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Leadership Strategies and Skills

Leadership Strategies and Skills

Defining the attributes of great leaders whether inspirational, transformational, charismatic or simply a safe pair of hands is a constant focus of many educators and commentators.

 In the current climate, what we do know is that we, as leaders, cannot maintain the educational status quo and continue to operate in the same way, implement the same outdated curricula and promote the traditional roles of ‘teacher’ and ‘student’, whereby ‘teacher’ is the only source of knowledge within the walls of the building we call, ‘school’.

This is also true of leadership, where it is argued that the lone ‘Command and Control’ leader is also a thing of the past.  Today, emotionally intelligent leaders must empower and enable high performing teams, ensuring all members are motivated, engaged and free to be creative.

Leadership can be defined as a form of social influence whereby one person engages the help and support of others in a particular task or tasks. Leaders create a shared vision and purpose, providing the direction of travel for an educational community, but it is a journey that they cannot take alone. Everyone must own the vision and the team of builders bring their own skillset, competences, and knowledge to create the desired culture. A culture where purpose sits at the heart, where every member of the community can see the desired outcomes, can take risks and can embrace failure as a necessary step to success. When leaders and teachers can do this, they become excellent role models for students, who are able to recognize perseverance and grit. School leaders must proactively lead in the face of technological disruption, alongside securing excellent learning outcomes for students, placing innovation at the centre, ensuring that every learner enjoys a personalised approach in an environment that supports a variety of learning pedagogies and with a focus on the wellbeing of every member of the community.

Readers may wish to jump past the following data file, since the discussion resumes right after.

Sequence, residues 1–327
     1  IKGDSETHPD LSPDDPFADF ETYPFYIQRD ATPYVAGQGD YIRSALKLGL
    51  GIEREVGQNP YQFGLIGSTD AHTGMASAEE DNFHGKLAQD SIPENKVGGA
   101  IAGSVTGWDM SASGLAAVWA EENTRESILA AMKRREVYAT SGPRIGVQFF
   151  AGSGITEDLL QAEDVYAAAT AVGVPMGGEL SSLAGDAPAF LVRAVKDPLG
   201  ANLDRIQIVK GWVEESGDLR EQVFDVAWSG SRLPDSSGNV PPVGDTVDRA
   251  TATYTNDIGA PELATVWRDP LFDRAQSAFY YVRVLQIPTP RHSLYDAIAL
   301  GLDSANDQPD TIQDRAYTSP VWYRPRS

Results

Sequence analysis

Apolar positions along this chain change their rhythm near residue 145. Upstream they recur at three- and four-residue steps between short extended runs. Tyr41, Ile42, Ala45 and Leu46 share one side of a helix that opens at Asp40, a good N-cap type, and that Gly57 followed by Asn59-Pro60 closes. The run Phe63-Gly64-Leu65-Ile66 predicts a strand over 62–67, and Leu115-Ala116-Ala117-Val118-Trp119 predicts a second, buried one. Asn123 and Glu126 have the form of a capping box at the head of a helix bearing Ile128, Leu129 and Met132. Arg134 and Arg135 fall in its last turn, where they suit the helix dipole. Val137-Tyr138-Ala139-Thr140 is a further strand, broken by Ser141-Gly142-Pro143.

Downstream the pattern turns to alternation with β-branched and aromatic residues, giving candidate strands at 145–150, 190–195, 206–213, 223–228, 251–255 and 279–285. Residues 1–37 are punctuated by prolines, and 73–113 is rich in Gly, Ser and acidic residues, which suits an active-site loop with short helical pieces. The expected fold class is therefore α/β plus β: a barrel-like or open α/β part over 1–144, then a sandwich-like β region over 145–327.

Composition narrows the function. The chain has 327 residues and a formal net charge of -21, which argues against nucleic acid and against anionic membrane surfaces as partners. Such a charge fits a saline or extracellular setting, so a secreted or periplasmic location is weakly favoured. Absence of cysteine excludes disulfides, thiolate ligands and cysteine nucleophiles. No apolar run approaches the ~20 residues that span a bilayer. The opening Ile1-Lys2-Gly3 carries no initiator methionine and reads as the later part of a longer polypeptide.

The great paradigm shifts in education caused by a combination of the digital revolution and the pandemic, marked a historic moment in educational leadership. However, it appears that many schools are reverting to the ‘old normal’, the pre-Covid practices, instead of boldly leading educators into the next stage of the revolution, the brave new world. Some leaders have seemingly maintained their preferred style of leadership, quickly moving back to operating in a traditional way, in traditional spaces with traditional stereotypical roles. The leadership style that educators advocate has a significant effect on the organizational climate, school culture and can have a ‘profound effect on motivation and staff morale.’ (Goleman)